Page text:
is calc 2 harder then calc 3

<p>Ok from what I have been reading everyone says calc 2 is the hardest class at michigan If I have the ap credit should I place out and go right into calc 3. I was thinking I would retake calc 1 and calc 2 and get good grades in them since I am somewhat familiar with the material but is that not the case? also I am premed if that makes a difference</p>

<p>I've taken both so far and these were my experiences (I tested out of calc 1):
Calc 2: material is pretty tough, though it's nothing crazy. It's pretty much the same material you see in calc ap in high school, but a bit more in depth. The real pain in this course comes from the tests where the averages usually are in the 50s or low 60s. The tests are brutal BUT are scaled to a B, so when you get a 50-ish grade, you still get a B. I think, though I'm not completely sure, that its one of the most failed classes at umich, though I think that's because so many kids have to take it and many of them just aren't ready to take on this class</p>

<p>Calc 3: honestly the last third of this class blew my mind. It's quite a bit harder conceptually than calc 2. However some people have an easier time with it. Basically, if you can visualize 3-D and really abstract stuff, you'll find this class fine. But if you're like me, it's gonna be some weird, and hard material. The tests were easier than calc 2 in the year I took it. </p>

<p>Basically, if you put in the work, you'll do fine, as is true with all courses at umich. I would suggest that you skip calc 1 and move to calc 2 or 3. If you feel up to going to calc 3, then go for it, though since you're pre-med I think you only need calc 2<br>
Good luck with your future!</p>

<p>Thank you for the advice but why do you recommend I skip calc 1? from what your saying I think I might start from the beginning since I know I can do well in calc 1 if I put in the effort?</p>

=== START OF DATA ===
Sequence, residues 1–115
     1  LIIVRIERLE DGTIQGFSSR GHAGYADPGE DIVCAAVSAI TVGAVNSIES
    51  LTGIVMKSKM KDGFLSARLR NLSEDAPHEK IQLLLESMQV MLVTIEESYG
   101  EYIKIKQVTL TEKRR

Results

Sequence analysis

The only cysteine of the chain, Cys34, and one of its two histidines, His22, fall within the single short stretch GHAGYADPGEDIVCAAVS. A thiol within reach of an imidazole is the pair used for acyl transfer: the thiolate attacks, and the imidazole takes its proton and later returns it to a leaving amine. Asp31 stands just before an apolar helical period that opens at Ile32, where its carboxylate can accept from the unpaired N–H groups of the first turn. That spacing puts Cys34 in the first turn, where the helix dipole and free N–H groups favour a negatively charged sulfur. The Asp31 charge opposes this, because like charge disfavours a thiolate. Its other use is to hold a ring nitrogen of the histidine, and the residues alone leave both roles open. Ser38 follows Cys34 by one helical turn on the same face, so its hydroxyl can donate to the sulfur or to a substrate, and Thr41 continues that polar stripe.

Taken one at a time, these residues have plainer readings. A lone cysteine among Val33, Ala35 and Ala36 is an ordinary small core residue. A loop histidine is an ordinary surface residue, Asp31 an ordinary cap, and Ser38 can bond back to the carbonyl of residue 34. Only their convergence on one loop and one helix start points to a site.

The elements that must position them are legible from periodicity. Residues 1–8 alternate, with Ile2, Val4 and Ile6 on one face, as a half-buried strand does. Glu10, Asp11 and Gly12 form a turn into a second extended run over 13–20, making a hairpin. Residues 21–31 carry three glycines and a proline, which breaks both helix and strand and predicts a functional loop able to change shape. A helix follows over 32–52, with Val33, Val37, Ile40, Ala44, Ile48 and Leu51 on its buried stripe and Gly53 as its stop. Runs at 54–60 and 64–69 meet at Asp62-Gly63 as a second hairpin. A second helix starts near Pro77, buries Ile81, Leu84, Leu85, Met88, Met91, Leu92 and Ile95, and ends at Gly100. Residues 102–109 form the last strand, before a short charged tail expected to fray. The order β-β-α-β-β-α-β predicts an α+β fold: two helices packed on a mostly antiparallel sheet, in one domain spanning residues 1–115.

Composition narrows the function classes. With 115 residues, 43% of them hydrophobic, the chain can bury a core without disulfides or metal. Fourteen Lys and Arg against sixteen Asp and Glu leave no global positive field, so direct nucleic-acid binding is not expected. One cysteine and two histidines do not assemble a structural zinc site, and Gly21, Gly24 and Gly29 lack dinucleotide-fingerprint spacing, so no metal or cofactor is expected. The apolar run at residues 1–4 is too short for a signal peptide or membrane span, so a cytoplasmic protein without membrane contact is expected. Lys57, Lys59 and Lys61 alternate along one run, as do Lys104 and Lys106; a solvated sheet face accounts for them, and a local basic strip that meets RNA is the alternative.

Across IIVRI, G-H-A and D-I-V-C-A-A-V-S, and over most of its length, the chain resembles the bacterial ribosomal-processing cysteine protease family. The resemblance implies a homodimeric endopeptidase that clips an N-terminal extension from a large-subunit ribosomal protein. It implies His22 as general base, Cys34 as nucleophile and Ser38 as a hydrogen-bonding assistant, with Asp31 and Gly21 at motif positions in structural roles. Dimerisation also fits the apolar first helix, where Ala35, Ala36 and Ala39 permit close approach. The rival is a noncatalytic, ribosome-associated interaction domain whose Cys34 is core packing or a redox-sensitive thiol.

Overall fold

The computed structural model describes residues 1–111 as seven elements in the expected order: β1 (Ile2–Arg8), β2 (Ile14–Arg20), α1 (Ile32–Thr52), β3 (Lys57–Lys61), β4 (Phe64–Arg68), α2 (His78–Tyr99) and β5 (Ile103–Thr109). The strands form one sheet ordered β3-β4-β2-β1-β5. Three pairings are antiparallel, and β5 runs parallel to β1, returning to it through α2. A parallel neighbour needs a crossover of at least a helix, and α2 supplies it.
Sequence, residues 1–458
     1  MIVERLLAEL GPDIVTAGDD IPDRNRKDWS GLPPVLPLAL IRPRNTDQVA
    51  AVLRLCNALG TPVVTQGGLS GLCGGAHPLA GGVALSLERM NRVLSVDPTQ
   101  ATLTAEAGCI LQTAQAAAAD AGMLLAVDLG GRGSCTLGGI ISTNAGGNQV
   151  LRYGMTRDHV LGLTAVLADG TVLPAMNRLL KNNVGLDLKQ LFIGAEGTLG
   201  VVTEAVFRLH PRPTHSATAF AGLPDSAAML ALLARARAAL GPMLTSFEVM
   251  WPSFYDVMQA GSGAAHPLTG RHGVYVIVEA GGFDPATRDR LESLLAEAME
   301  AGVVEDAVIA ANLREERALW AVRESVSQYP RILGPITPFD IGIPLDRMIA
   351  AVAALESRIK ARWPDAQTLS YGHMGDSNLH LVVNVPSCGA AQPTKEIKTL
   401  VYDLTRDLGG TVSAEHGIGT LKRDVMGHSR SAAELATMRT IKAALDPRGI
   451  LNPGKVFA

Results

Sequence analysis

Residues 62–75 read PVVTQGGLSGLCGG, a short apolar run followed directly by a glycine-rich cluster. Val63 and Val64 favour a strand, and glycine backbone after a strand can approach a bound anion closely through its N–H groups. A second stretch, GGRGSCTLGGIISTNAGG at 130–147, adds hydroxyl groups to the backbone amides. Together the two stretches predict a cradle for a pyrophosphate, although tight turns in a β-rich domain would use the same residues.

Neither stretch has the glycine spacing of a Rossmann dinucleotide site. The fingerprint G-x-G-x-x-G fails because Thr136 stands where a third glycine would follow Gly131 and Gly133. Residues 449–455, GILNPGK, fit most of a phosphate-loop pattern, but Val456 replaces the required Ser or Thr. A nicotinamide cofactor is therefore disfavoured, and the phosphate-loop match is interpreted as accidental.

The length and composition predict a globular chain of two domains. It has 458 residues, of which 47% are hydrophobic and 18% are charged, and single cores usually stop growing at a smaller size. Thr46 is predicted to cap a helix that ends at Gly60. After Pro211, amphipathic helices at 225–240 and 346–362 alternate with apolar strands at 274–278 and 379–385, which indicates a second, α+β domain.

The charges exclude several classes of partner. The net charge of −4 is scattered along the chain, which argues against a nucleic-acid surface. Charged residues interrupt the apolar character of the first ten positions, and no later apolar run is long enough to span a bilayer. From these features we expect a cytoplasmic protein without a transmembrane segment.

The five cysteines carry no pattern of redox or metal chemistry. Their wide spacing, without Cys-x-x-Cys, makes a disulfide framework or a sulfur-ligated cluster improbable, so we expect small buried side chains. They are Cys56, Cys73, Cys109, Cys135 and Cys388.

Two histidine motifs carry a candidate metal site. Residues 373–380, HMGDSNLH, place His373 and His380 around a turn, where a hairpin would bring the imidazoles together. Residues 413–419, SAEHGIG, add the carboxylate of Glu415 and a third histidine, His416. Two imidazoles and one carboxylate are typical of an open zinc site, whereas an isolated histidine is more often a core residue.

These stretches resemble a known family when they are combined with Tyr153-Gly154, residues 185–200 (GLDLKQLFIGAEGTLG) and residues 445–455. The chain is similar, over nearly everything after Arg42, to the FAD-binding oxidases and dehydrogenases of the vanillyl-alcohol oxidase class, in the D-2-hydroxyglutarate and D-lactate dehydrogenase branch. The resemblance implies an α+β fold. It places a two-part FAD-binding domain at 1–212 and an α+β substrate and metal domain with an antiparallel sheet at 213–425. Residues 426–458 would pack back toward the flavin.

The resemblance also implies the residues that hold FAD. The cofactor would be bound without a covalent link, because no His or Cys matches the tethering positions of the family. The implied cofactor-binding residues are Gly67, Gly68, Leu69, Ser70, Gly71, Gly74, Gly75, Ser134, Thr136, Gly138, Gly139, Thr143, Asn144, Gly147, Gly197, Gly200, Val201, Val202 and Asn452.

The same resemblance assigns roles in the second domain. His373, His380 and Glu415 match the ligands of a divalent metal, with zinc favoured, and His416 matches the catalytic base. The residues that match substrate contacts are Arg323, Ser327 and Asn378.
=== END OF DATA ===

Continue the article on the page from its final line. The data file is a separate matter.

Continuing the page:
<p>I just finished my semester with calc 1 and the class was easy if you've had prior calc experience. The exams were a bit sporadic though. Our first one was essentially uncurved since the average was an 80 (highest average in years), but our final exam's average was a 49 (lowest average in years). I'm assuming they did that to sort of even out the scores, but even then, the classes ended up averaging out in the end. If you already have a firm grasp on calc (derivatives and integrals), you'll find a ton of stuff in calc 1 and 2 to be review. I didn't learn anything new in calc 1 that I already did not know.</p>

<p>Dddsss: like the person above me said, I heard much of calc 1 had similar material to high school AP classes. Since you are considering jumping straight to calc 3, I just thought that it would save you some time/effort to just start with calc 2. Like the guy above me said, if you have a good grasp on derivatives and integrals, you'll be able to jump into calc 2 without much of a problem</p>

<p>I hate how kids that have already gotten credit for the class retake it and **** up the curve</p>

<p>I thought kids who retake the class generally don't do particularly well because they don't try</p>

<p>^agreed. if you are truly going to **** up the curve, you will be getting A's in calc 2 or calc 3 if you have the effort. Getting credit in BC doesnt mean that person is smarter than anyone else, just means they got a headstart in HS.</p>

<p>Yeah, but a headstart would pretty damned helpful, if you ask me. As the classes progress, the stuff I was having trouble with around exam time is now stuff I can figure out in a fraction of the time with ease.</p>

<p>I retook Calc 1 and 2 because my high school calc teacher was a joke. Retaking them really helped me long term. In my opinion I would only go directly into calc 3 if you are 100% positive that you have a excellent understanding of the material taught in calc 1 and 2.</p>